Now I didn't get to stay for the party, but I did drop it off, and if it tasted 1/2 as good as it smelled then there were hopefully some pretty happy guests and birthday guy.... Here is how it all turned out.

3 tiered Chocolate and Vanilla Checkerboard cake, with Chocolate and Vanilla Icing. and 30 cupcakes... I think they turned out pretty cute.

I also have to say thank you to my IL's who were the lucky recipients to receive all of the leftover cake from leveling the layers out... I'm sure my father in law put those scraps to good use!!!

Thursday, April 15, 2010

Date night!!

If you've read any of my other posts, you probably might have caught me talking about how Michael and I only go out once a month to eat. It usually some place that we haven't had in a while. Well tonight was our date night. We chose Rosie's Cantina in Huntsville, it's a local mexican place. Let's just go ahead and not kid anyone, it's not authentic Mexican, it's more of SantaFe/Tex Mex Mexican. But they have great food, the best salsa (without cilantro!) and fast service.
The main thing I love about Rosie's besides what I just mentioned, is that we can go there for dinner and I'm not going to inhaled 2,000 calories. Michael and I get their fajitas for 1 and have them prepare it without the spicy butter or the veggies in any oil, which basically means they steam the peppers and onions, then throw them on a hot skillet to crisp them up. Then throw some of the best beef (yes I splurged and got the beef) strips on top. All comes with homemade fresh tortillas, and by fresh I mean, I had to watch the waiter stand and wait for 3 to come off the tortilla press to bring them to our table!!!

So while Michael and I enjoyed a dinner without Will. Yes I love him dearly, but an adult dinner is nice too. Will got to go hang out with Grandma and Grandpa Broach. We are very lucky to have them live only 10 minutes away. They took Will to feed some ducks that hang out at their house, the chickens and roosters, ride in a Gator (tractor thingy) and run around their house for a while. He had a blast, and all the way home had some pretty big Yawn's... which means that they wore him out. I also have a sneaky suspision that Will wore them out too. Because from experience.... He's exhausting. Never wants to sit still.... EVER. But hey, he's only 2 once, and if he can run that energy out, playing outside. Then go for it right. What kinda mom would I be if he didn't have fun!!!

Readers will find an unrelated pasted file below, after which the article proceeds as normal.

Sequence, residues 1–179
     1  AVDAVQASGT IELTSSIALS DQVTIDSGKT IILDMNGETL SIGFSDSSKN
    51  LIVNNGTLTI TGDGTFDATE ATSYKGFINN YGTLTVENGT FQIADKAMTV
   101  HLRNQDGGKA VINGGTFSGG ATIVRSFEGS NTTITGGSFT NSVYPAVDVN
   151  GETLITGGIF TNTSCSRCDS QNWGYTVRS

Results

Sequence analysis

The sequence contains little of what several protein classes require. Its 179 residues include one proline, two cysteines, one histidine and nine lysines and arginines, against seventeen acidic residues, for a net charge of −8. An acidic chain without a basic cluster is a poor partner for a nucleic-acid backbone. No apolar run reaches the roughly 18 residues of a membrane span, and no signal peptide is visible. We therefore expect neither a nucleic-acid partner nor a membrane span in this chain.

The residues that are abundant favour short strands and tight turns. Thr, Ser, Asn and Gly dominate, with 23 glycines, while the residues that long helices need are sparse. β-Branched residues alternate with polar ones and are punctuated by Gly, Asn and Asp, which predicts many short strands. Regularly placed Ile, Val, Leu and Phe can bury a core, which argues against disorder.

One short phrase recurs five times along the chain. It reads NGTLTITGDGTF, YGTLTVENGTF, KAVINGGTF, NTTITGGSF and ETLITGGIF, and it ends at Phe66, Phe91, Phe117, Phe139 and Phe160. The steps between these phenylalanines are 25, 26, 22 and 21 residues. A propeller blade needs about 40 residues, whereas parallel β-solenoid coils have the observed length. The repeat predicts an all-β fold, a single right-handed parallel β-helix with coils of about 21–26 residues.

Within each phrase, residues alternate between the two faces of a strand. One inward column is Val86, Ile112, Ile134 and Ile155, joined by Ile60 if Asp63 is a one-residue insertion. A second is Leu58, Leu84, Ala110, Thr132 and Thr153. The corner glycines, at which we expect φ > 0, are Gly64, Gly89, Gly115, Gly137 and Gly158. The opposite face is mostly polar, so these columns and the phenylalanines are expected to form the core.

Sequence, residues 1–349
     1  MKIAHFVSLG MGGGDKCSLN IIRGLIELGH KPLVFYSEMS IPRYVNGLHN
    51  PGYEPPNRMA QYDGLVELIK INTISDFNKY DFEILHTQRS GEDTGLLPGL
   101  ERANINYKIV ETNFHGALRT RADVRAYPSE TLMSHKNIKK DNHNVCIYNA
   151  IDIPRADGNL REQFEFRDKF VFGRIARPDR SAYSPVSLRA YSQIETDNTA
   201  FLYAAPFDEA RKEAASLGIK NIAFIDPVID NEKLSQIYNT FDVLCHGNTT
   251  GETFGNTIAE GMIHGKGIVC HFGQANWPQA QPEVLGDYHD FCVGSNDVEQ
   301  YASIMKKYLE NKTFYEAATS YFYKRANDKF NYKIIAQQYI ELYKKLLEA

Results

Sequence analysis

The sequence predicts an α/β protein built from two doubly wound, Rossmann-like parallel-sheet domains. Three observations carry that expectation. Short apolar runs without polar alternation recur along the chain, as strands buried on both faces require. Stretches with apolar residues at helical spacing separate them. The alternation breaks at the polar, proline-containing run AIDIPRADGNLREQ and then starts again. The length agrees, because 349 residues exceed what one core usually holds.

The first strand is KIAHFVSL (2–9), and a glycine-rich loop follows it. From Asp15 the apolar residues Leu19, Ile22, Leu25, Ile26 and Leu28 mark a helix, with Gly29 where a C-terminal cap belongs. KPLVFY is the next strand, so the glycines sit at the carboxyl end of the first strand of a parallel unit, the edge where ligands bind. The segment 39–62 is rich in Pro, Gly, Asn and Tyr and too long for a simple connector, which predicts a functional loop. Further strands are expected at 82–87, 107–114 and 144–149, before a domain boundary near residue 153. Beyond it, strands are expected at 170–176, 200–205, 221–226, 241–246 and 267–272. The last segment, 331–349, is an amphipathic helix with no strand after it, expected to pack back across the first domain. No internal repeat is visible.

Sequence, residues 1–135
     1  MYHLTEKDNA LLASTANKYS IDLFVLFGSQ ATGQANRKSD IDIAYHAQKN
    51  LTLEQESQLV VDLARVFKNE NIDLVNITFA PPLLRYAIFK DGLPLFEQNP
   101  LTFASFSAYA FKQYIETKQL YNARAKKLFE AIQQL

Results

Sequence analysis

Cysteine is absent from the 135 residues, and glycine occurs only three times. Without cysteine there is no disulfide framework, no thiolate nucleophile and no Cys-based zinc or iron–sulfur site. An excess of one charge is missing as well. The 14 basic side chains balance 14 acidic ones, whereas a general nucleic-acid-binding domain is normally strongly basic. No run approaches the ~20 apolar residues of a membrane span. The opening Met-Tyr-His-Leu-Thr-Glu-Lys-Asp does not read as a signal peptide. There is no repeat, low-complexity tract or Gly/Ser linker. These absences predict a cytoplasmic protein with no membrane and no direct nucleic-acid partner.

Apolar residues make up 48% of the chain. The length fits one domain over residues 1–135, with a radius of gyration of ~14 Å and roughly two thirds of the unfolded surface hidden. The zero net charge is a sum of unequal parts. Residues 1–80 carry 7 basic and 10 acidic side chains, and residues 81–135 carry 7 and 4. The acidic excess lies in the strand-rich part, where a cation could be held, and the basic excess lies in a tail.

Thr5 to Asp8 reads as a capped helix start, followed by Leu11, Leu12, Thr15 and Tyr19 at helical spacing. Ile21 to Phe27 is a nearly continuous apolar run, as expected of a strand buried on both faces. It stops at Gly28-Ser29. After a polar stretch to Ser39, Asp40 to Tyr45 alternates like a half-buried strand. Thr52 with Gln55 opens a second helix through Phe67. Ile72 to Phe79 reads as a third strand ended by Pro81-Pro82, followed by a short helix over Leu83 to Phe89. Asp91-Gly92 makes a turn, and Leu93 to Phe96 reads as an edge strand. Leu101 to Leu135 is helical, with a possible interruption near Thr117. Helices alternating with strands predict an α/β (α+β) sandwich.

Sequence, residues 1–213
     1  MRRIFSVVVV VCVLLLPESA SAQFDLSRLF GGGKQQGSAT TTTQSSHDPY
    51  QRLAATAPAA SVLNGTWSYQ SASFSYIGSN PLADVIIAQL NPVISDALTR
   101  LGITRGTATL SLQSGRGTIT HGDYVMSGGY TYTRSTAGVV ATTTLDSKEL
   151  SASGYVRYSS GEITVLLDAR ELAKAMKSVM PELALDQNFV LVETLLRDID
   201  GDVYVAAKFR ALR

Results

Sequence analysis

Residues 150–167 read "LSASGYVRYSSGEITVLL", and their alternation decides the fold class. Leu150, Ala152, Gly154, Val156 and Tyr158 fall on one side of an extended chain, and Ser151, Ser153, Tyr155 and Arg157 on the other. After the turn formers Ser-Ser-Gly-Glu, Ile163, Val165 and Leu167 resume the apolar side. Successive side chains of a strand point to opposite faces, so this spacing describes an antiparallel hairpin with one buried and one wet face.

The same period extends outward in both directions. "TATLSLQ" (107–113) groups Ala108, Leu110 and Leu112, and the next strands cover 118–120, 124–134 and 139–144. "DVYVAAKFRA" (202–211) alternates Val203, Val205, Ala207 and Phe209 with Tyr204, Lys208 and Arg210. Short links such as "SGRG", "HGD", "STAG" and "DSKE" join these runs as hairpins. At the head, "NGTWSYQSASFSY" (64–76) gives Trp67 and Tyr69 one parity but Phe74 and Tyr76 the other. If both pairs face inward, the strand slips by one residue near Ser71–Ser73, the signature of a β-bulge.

Wednesday, April 14, 2010

Peas and Pork.

For anyone that hasn't been around Will a million times, I'm gonna let you in on a little secret about Will. He is a picky eater, not such a big surprise if you know Michael, but the secret is that the kid loves peas... And not just any peas, they have to be frozen, then thawed with hot water.... so they aren't actually cooked.. I know it sounds gross, but this kid will eat them by the handfuls. You will never know how much my heart swells knowing that he loves veggies that much. Now not all veggies. Like I said he's a picky eater, but I'm hoping and praying that he grows out of that phase. It only took Michael 20- something years to realize that veggies weren't all bad. So there is always hope. This is just how much Will loves peas.

This was AFTER dinner, and I was wiping his hands and face, and he saw the little strainer on the counter and decided he wanted more.... and if one person comments on my messy counter tops, then they can come clean my house. Creativity usually means messy... right? Well that is what I'm going to keep telling myself.

So after my whole spiel on Will and his peas.
We had Roasted Pork Tenderloin and Vegetables.

The Roasted Pork has a Bruschetta seasoning from World market on it, I know Pork is not Bruschetta, but it smelled and tasted good. Then I roasted it in a 350 degree oven for 30-45 minutes or until done.